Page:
This ties into what we mentioned before—bad airflow. It gets stuffy real quick in closets. So right there’s reason enough not to closet your machine. But there’s one more reason and it’s a bit of a selfish one for us: it’s much much harder to service and repair. 

Most closets are a tight fit. What if there’s a problem? What if it’s time for your annual or bi-annual maintenance? How exactly does a service technician get in there to do their job with minimal service disruption? The short answer is that it’s going to take more time than it needs to. Either the closet’s getting rearranged for the needed space to do our job, the machine’s getting moved to a different temporary space, or worst case the machine needs to be de-installed. Either way, that’s an extended disruption that doesn’t need to happen. 

Side note: for folks who rent ice machines from us, if there’s ever any extended production issues with ice machine repairs, we’ll deliver ice to you at no extra charge. It’s something to keep in mind if space is tight.


4. Next To That Hot Oven


This one can be a true ice machine killer. Maybe you’ve paid close attention to ambient temperatures. That tip not to use your ice machine as extra storage? You listened! Nice job. But there’s a big blind spot ice machine renters or owners tend to miss: other appliances get hot too. 

This ties into airflow yet again. Are you realizing how important that is? Truly the difference between peak efficiency and regular repairs. Any appliance that is reaching higher than ambient temperature, like an oven, grill, heat lamp, or dishwasher just to name a few, can negatively impact the efficiency and health of your ice machine. 

Would you believe it if I told you some people store their machines right next to their furnaces? It’s true! Highly unrecommended on that one. We understand space can be limited. Do your absolute best to build a floorplan that is both best for your working space and your equipment. Otherwise, it’s about to be repair city in your business and not ice city.


5. Anywhere Outside


Spoiler alert, it gets hot in Memphis. Some years proudly feature over 30 days of temperatures above 100 degrees Fahrenheit. First off, no. Too hot. Second, that sustained heat is a death rattle for even the best ice machine money can buy.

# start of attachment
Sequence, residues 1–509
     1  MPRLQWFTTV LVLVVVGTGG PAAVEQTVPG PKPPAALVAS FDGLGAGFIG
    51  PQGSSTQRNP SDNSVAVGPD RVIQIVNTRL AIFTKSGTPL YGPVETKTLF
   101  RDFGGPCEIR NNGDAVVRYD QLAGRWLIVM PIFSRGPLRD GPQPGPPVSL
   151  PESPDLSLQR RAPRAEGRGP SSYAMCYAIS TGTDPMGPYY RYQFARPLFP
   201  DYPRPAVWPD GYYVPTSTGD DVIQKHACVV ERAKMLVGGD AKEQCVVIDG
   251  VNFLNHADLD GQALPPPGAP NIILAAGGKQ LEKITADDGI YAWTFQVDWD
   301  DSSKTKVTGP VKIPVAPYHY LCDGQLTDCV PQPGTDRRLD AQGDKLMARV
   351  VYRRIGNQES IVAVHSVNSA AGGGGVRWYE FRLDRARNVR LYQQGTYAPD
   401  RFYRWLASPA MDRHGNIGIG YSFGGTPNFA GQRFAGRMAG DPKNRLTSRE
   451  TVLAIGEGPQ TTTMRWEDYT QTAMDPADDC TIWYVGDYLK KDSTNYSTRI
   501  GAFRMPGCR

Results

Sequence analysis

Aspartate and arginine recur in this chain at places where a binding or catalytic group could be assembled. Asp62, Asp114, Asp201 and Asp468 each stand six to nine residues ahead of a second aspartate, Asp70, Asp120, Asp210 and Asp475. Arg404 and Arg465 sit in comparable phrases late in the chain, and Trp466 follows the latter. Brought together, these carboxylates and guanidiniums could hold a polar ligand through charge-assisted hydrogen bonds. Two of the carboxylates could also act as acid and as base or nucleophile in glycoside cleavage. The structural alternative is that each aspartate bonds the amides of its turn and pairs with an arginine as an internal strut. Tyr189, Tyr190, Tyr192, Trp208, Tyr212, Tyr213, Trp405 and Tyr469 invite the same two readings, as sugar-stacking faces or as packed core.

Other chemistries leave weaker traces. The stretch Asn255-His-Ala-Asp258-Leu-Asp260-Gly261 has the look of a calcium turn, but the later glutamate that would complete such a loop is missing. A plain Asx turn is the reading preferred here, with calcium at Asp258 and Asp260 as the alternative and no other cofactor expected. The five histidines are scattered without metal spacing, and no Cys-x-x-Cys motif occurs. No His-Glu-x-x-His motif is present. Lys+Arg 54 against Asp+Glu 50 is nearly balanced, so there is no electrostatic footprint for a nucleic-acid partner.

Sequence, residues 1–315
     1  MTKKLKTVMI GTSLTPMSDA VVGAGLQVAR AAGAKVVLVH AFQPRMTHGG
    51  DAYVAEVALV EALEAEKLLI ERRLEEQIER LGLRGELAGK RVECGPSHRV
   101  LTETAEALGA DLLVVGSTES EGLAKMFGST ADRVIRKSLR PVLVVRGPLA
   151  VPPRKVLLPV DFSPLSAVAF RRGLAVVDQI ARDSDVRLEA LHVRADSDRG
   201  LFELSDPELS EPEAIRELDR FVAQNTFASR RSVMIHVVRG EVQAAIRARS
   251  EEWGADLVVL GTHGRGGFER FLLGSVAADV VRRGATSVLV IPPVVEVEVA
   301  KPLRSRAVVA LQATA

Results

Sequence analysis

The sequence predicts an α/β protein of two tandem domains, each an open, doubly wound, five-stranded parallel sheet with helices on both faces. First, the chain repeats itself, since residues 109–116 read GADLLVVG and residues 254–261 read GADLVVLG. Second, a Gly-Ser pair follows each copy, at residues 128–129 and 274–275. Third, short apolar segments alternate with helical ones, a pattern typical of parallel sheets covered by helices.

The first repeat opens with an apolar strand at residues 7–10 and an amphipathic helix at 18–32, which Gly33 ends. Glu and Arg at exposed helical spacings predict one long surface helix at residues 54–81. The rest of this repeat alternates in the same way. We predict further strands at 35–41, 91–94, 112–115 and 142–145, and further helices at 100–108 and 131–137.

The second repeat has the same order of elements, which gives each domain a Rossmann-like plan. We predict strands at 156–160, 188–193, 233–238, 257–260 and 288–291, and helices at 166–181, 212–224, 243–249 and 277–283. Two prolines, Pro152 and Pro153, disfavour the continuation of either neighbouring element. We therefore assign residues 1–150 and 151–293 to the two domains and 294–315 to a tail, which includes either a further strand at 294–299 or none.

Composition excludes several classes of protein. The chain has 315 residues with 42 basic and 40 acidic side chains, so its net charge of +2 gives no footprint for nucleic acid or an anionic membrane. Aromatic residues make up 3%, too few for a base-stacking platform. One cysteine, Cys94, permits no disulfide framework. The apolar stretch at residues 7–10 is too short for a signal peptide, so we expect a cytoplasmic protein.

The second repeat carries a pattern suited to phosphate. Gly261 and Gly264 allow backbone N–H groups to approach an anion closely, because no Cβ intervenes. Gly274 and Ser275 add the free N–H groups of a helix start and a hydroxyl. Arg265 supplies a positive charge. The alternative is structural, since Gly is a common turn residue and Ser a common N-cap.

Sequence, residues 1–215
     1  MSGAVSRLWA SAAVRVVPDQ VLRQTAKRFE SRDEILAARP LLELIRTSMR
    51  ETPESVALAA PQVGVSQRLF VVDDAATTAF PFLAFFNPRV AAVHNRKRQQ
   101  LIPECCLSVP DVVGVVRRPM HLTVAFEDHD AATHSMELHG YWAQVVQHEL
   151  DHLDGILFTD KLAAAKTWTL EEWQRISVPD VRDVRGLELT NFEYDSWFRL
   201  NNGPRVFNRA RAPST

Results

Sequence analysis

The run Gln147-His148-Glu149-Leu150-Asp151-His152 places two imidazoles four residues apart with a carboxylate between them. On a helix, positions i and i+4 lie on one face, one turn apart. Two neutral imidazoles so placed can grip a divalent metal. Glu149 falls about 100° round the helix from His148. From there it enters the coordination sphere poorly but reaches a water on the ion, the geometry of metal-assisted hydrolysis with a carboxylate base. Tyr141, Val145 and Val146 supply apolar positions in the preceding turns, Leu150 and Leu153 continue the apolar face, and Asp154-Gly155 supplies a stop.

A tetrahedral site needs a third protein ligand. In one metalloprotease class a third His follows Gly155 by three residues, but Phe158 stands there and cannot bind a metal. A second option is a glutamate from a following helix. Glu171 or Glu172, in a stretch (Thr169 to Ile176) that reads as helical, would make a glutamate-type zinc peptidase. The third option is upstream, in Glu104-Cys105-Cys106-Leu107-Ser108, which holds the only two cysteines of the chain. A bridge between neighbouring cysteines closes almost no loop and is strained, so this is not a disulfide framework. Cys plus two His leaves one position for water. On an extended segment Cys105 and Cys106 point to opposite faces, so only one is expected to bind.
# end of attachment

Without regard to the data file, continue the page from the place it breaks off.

Think about a car: when one part fails, it can have a cascading effect that drastically reduces car performance. The same applies to any ice machine. Outdoor environments cause ice machine components to fail faster. Make sense?

An often overlooked feature of any ice machine is the ice maker bin. They’re not refrigerated, like many think—they’re insulated. That’s a big difference. When there’s a consistent, ambient temperature in your install room, you have nothing to worry about. That changes outside. High temperatures create a fun little melt and freeze cycle in the ice maker bin. Which do you prefer: nice crystal clear ice that your customers will love, or a football-sized ice blob grafted to the bottom of the bin? All of that melting and refreezing trickles down since ice bins are designed to use the oldest ice first.


Install In the Best Location Possible With Memphis Ice, a Trusted Full-Service Distributor!


There you have it. That’s the 5 worst locations to install your new ice machine. If we had to pick the most important one to remember, it’s airflow. Above all else, your air-cooled machine needs space to breathe. That doesn’t always apply to water-cooled machines, though. That’s a different machine for a different blog! 

If you’re ready to talk about buying or renting your next ice machine, we’re here to help you identify the ice machine for your needs and the best install space for your business. That way you get the ice your customers want at the price that’s right for your budget. Click here to contact our team of dedicated service technicians.